Oct 27, 2009

RSA Conference Europe 2009

I attended RSA Conference Europe 2009 in London the other week, where I gave a presentation on something I blogged about before (combining ePassports and Information Card, a project sponsored by NLnet). My talk was scheduled for the very last slot on the very last day, which means I had plenty of time to go and listen to the other talks. Some of my impressions are below.

I checked out the booths of the conference's sponsors and noticed a relative large number of authentication factor vendors (G&D, Kobil, smspasscode.com) and of course the big guys (RSA Security, Microsoft, Qualys, CA).

As for the presentations, there were at least 4 different tracks, and all talks had catchy titles. Very difficult to choose from. There were a lot of "securing the cloud" talks. I've heard people claim that 'cloud==deperimeterization'. Others claim that 'cloud==virtualization', and yet others claim that 'cloud==SaaS', and even 'cloud==social networks'. Most of the talks dealt with managing the risks of enterprise cloud computing (sharing resources is risky, you'll need good SLA contracts for that). I especially liked the Collateral Hacking panel session which focused on the risk presented by totally unrelated parties you happen to share services with.

There were a few hacking-presentations. I really enjoyed Björn Brolin and Marcus Murray's Breaking the Windows driver signing model. Great live reversing demo. Bottom line: Running an anti-virus suite with badly engineered (yet Microsoft signed) kernel drivers can actually render your PC less secure from malware.

Talking about anti-virus software vendors. Both McAfee's Anthony Bettini's and Kaspersky labs' Stefan Tanase's presentation focused on threats from social networks (personalized spam, Twitter based C&C, targeted attacks based on synchronization between personal and enterprise information). Anthony had the best sound-bites IMHO: 'open-sourcing one's life', 'keep your enemies closer'. Stefan showed a glimpse of crawler based technology that Kaspersky's R&D team in Romania is working on.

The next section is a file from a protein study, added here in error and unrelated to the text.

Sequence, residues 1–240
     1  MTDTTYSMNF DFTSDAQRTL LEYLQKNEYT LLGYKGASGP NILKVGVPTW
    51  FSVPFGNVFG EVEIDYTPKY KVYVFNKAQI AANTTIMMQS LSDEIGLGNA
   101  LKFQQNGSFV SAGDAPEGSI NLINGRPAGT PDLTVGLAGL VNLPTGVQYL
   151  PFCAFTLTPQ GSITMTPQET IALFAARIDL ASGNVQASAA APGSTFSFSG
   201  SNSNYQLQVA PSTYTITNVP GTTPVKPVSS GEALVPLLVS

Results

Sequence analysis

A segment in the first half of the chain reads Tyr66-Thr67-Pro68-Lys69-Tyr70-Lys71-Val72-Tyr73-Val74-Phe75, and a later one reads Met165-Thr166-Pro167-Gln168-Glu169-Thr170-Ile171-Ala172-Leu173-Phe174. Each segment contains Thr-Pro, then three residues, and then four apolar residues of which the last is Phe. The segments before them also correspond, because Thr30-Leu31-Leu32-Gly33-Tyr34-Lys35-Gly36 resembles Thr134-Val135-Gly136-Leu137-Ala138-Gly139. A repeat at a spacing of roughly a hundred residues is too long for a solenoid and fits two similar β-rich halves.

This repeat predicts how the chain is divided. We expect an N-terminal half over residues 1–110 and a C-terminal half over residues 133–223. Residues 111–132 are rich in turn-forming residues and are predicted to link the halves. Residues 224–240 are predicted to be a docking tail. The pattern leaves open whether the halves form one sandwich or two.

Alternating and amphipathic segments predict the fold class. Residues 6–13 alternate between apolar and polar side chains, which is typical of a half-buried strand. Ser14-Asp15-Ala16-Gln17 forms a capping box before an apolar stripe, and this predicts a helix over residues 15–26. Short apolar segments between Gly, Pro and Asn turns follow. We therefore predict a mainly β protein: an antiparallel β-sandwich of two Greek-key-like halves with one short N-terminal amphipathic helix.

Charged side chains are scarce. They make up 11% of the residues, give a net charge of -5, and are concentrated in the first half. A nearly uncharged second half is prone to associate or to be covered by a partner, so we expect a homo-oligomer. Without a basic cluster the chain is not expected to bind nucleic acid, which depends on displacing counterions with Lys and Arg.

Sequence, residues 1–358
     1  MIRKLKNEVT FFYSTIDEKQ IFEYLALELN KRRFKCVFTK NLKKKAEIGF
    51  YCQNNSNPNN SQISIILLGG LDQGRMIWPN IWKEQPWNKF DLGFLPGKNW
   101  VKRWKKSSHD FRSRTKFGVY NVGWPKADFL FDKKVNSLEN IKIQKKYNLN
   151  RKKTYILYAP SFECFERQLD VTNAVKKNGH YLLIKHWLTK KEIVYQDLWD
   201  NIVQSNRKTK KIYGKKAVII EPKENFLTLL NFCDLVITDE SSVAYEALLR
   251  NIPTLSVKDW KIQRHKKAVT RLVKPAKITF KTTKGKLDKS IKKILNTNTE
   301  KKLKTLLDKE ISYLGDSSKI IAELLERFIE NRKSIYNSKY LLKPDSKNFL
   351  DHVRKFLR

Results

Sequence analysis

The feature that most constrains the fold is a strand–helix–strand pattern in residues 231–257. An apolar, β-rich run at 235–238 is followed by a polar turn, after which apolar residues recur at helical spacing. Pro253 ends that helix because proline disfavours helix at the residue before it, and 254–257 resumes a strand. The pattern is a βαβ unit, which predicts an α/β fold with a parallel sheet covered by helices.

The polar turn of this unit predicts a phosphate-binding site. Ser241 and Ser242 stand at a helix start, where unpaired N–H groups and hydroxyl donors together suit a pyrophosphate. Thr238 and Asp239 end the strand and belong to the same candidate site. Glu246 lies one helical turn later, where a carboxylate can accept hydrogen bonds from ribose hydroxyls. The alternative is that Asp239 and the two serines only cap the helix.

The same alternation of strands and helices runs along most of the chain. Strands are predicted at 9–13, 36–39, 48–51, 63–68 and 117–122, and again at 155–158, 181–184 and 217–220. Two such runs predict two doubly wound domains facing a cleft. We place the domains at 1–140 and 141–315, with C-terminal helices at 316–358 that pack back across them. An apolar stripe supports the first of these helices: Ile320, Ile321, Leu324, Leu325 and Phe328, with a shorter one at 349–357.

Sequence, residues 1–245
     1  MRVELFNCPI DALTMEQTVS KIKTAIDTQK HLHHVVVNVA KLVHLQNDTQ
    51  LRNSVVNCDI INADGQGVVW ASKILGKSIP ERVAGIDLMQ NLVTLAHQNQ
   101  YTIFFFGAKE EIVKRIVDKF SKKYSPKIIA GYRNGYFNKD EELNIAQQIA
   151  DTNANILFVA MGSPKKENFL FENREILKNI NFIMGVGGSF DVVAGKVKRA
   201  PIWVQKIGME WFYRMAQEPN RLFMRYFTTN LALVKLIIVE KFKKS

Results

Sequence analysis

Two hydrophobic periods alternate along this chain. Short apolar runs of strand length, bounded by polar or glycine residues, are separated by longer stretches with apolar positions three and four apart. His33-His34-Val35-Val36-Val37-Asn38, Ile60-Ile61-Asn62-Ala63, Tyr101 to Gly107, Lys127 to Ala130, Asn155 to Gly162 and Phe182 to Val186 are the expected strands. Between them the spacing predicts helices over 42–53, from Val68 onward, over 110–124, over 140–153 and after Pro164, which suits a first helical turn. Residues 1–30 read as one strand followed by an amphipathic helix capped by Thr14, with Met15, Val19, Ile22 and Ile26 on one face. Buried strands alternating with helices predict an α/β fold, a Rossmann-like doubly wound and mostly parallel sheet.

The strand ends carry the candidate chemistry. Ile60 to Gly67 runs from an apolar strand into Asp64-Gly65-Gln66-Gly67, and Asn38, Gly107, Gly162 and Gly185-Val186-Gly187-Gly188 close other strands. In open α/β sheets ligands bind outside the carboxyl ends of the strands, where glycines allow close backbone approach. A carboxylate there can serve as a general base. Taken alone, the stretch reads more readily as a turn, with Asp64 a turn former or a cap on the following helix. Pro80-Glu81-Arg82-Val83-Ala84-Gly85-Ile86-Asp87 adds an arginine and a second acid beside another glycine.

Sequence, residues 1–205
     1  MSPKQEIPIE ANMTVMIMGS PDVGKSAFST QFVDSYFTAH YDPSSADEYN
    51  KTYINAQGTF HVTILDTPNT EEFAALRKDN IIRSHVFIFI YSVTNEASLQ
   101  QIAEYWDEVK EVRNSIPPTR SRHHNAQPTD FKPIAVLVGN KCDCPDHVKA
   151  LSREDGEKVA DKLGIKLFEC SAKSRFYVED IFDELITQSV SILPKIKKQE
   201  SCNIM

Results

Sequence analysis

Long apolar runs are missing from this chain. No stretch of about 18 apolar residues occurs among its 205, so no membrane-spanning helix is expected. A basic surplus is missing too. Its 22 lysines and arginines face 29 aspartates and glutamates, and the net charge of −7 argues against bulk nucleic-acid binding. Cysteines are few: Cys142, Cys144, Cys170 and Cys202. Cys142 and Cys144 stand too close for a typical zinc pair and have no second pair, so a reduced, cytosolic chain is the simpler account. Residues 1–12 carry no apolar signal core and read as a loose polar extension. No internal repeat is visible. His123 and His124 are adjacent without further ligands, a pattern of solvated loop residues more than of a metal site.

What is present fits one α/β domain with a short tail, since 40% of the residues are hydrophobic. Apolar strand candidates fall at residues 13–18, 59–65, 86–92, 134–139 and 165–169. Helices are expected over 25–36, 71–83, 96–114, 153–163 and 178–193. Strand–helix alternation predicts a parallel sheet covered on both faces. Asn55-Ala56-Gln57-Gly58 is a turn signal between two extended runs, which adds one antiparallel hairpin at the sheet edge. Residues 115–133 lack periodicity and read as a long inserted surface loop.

More targeted social network threats came from Brian Honan who introduced the audience to some of the tools of the trade, notable pipl.com and Maltego. Interestingly, in Ireland, anyone can request everyone else's birth certificate (apparently for reasons of genealogical research), and the only thing needed to request a driver's license or passport in Ireland is a birth certificate.

Microsoft's keynote was delivered by Amy Barzdukas. She made some valid points about the perception of privacy and security by the average computer user. The FUD (initially directed at Google: Chrome's auto-completing address bar will send packets to Google, OMG, better stick with IE8) was a little too much for my taste. They're going to make it more difficult to download and install third party software through IE because of the fake virus scanner scams.

The keynote by special agent Mularski of the FBI and Andy Auld of SOCA about the Russian Business Network was so secret that I cannot blog about it. The keynote by Dave Hansen of CA on content-aware extensions of RBAC was pretty interesting and included another secret agent.

Andrew Nash of PayPal gave an insightful presentation on the consumer identity bootstrap problem. After explained the clever big bang/steady state analogy he showed just how big the problem is. What's the most important feature an Identity Provider should offer to its users? Right. Anonymity. The other PayPal presentation was by Hadi Nahari who put forward some requirements (or rather, desirements) for identity in mobile computing. It appears that PayPal is trying to get some of these ideas into the Global Platform specifications.

Ira Winkler went on a one-hour rant over the use of the term information warfare. Funny stuff, except for the one Estonian guy in the audience.

Oct 19, 2009

Two ideas I could have submitted to the SIMagine contest

Here are two ideas I could have submitted to the SIMagine contest, but didn't. ;)